The ability of a SNT to provide lifelong support for a child with special needs while protecting the child’s eligibility for government assistance makes it perhaps the most powerful tool a family can employ.

“One of the bigger reasons to have the special needs trust is to not jeopardize those government benefits. Even if you never plan to use them, you should really have all of your possibilities covered, and these provisions allow for that,” Walker says. “Trusts give you that control to dictate exactly how you want the money spent, and certainly in this case how you want the child taken care of.”

There are different types of SNTs, including first-party, pooled and third-party, categorized by whose assets are funding them. By far the most common type in special needs situations, Szeremet says, is a third-party special needs trust. Generally, this is where the parents, or sometimes grandparents, siblings, or aunts and uncles are funding it (often through life insurance) for the benefit of the loved one with special needs.

While a first-party SNT allows a family member or legal guardian of a person with special needs to transfer personally owned assets on a tax-free basis to the trust without disqualifying the person for SSI or Medicaid eligibility, first-party SNTs are required to reimburse the state’s Medicaid agency for the trust balance upon the beneficiary’s death for payments it made on behalf of the beneficiary.

With a third-party SNT, there is no Medicaid payback requirement at death, and it can be used as an estate planning tool. At death, a residual beneficiary of the third-party SNT can be designated to receive the balance of the trust assets.

Pooled SNTs are a reasonable alternative to doing a first- or third-party SNT if the family can’t come up with a logical choice for a trustee or don’t have enough money to justify creating an individual trust. They are managed by state governments or nonprofit organizations, set up to expertly run a master special needs trust on behalf of individual beneficiaries with special needs. Assets are combined and invested together, with funds spent in proportion to their share of the total amount.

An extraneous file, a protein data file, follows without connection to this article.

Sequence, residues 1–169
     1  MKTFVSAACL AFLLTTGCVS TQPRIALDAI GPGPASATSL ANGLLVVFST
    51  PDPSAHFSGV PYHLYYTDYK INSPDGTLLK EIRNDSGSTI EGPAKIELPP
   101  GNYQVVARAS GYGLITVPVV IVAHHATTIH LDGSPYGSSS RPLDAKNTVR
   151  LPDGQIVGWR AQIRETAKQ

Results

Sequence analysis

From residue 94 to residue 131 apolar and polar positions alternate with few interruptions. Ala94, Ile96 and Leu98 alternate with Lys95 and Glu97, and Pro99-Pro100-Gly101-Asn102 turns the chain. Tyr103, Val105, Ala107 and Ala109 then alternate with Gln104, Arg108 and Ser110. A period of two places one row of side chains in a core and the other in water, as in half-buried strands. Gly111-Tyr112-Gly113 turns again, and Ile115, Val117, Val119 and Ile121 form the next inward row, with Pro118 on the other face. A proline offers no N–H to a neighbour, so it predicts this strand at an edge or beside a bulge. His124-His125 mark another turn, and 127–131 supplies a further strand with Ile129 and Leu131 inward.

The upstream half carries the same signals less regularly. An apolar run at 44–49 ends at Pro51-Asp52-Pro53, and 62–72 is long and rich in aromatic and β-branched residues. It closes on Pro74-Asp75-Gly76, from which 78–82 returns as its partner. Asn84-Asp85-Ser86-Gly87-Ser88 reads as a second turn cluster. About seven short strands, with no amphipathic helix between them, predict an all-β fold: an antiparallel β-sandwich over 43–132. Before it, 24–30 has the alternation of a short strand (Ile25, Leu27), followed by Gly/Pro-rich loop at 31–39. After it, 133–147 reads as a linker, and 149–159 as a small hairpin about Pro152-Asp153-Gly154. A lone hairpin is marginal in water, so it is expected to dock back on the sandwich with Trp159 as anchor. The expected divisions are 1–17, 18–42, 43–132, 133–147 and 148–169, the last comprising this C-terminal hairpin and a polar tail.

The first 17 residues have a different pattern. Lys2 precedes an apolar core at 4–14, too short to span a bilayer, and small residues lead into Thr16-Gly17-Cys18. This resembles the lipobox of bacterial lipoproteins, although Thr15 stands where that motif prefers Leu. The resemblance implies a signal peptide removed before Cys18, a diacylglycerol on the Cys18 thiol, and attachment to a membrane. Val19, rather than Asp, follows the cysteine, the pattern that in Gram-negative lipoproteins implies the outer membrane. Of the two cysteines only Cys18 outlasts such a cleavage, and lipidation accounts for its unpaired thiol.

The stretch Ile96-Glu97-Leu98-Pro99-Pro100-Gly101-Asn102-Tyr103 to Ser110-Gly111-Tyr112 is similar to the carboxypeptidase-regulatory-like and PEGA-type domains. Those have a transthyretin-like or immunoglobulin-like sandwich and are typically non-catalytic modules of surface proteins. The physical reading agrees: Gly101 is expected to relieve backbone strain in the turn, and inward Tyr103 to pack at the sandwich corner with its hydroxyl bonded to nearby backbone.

• Do you work with families that have children with special needs? Please share your thoughts and advice about the unique challenges of this market on this thread in the forum.

Life insurance and SNT funding

Tax efficiency and the ability to provide a large death benefit make life insurance an effective liquidity tool to fund a special needs trust. The policy is purchased on the caregiver’s life (or if a second-to-die policy is used, on both parents’ lives), and the death benefit pays to replace the loss of services and support for the child with special needs.

While second-to-die or survivorship life has often been used for SNTs, Szeremet says he’s seen a move away from that strategy of late. The challenge is that say, for example, the dad is the breadwinner while the mom is the caregiver. If the breadwinner passes away, there’s a need for liquidity right then to replace the income. If the caregiver passes away first, who’s going to replace those services?

“In many cases I see a need for coverage on both lives – the caregiver and the breadwinner, so I’ve seen a great deal of interest in individual life insurance,” Szeremet says. “And on top of that I’ve seen an increase in interest in cash value life insurance because many cases involving individuals with special needs, they have living needs as well. It’s not just about the death benefit; it’s about living benefits such as medicine that is not entirely covered by Medicaid or therapy that might be deemed to be experimental that aren’t covered.”